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Hoffmann, R. A wiki for the life sciences where authorship matters. Nature Genetics (2008)

A yeast type II topoisomerase selected for resistance to quinolones. Mutation of histidine 1012 to tyrosine confers resistance to nonintercalative drugs but hypersensitivity to ellipticine.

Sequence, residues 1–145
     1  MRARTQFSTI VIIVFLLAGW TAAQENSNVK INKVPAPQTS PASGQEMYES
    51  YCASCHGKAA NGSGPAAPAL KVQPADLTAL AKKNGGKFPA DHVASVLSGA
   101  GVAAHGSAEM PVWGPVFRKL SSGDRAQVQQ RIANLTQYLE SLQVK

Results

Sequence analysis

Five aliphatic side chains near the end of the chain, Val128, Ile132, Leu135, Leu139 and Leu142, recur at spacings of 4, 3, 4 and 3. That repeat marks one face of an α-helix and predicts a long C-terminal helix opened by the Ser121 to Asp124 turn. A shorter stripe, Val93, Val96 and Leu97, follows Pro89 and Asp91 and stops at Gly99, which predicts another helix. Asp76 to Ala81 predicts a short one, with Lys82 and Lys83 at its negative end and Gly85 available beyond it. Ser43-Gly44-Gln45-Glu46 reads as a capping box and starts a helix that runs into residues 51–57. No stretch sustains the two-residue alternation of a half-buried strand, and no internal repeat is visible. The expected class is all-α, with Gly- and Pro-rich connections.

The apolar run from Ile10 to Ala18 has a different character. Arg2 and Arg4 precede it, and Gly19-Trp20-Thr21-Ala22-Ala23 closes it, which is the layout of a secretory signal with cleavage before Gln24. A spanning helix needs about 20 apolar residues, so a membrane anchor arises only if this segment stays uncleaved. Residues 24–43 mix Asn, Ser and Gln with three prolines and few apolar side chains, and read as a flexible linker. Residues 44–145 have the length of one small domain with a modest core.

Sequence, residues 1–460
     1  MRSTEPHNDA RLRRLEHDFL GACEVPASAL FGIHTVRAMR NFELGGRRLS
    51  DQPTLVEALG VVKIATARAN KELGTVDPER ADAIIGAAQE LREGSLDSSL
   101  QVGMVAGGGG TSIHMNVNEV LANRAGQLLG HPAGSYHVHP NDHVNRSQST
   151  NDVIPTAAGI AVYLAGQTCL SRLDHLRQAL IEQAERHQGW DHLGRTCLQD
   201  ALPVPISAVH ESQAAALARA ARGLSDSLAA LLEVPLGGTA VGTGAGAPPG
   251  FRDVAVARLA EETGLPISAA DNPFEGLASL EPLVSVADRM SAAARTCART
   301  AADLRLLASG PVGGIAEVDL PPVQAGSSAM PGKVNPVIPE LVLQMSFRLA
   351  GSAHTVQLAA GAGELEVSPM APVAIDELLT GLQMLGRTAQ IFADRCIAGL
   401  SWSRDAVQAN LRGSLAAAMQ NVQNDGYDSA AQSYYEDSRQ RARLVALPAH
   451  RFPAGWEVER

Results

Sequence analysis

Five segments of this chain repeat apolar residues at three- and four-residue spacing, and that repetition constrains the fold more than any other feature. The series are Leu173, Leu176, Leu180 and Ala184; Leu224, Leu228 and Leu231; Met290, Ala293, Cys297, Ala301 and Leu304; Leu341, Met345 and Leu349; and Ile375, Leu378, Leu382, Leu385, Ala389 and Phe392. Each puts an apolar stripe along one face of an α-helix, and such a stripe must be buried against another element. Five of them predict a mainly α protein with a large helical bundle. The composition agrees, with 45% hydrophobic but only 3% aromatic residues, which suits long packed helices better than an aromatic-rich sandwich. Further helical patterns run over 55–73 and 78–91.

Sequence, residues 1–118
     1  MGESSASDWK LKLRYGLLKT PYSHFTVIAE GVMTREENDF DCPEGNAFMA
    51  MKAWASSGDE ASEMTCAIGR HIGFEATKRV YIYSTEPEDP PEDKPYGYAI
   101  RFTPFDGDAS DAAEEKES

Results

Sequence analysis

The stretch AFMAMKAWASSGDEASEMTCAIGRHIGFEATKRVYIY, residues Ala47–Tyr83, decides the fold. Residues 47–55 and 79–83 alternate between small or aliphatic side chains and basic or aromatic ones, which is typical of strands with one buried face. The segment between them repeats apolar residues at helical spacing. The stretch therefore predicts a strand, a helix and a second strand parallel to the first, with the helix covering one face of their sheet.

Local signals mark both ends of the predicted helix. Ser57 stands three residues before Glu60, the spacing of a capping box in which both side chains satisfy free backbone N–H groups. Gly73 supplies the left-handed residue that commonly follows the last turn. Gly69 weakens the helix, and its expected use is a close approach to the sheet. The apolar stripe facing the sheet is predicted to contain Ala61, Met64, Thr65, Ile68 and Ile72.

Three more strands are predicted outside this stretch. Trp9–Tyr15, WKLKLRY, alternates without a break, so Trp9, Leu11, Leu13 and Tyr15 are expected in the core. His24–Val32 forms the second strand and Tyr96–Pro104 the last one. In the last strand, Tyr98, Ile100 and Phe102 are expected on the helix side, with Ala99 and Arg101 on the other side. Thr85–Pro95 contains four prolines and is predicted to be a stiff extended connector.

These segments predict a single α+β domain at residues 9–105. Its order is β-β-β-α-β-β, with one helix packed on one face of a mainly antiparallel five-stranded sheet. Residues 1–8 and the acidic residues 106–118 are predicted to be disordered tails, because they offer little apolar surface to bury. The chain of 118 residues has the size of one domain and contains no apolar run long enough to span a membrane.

A mutant yeast type II topoisomerase was generated by in vitro mutagenesis followed by selection in vivo for resistance to the quinolone CP-115,953. The resulting mutant enzyme had a single point mutation which converted His1012 to Tyr (top2H1012Y). top2H1012Y was overexpressed in yeast, purified, and characterized in vitro. The mutant type II topoisomerase was slightly less active than the wild type enzyme, apparently due to a decreased affinity for DNA. The affinity of the mutant enzyme for ATP was similar to that of wild type topoisomerase II. As determined by DNA cleavage assays, top2H1012Y was resistant to CP-115,953 and etoposide both prior to and following the DNA strand-passage event. In marked contrast, the mutant enzyme displayed wild type sensitivity to amsacrine and was severalfold hypersensitive to ellipticine. A similar pattern of resistance was observed in yeast cells harboring the top2H1012Y allele. Thus, it appears that the mutant type II topoisomerase can distinguish between nonintercalative and intercalative agents. Finally, the His1012-->Tyr mutation defines a potential new drug resistance-conferring region on eukaryotic topoisomerase II.[1]


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